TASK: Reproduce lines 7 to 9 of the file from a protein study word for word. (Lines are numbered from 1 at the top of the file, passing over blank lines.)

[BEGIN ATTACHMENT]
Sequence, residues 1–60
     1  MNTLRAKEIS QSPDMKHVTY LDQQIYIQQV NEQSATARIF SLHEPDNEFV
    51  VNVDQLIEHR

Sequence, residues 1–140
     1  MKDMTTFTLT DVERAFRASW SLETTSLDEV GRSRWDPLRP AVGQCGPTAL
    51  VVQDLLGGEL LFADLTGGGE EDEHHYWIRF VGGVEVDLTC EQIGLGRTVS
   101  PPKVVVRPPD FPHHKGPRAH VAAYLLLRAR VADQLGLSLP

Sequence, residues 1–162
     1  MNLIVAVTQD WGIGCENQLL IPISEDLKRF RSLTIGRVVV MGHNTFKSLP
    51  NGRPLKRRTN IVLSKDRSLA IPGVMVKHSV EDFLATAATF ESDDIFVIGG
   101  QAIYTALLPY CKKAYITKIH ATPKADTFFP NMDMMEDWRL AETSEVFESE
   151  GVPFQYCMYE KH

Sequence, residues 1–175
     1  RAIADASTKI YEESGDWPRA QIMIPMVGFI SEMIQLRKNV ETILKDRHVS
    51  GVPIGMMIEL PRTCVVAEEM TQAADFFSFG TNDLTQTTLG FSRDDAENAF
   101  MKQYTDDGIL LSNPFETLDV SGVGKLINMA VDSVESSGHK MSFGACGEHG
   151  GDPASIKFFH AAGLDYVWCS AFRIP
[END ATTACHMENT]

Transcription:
   101  PPKVVVRPPD FPHHKGPRAH VAAYLLLRAR VADQLGLSLP

Sequence, residues 1–162
     1  MNLIVAVTQD WGIGCENQLL IPISEDLKRF RSLTIGRVVV MGHNTFKSLP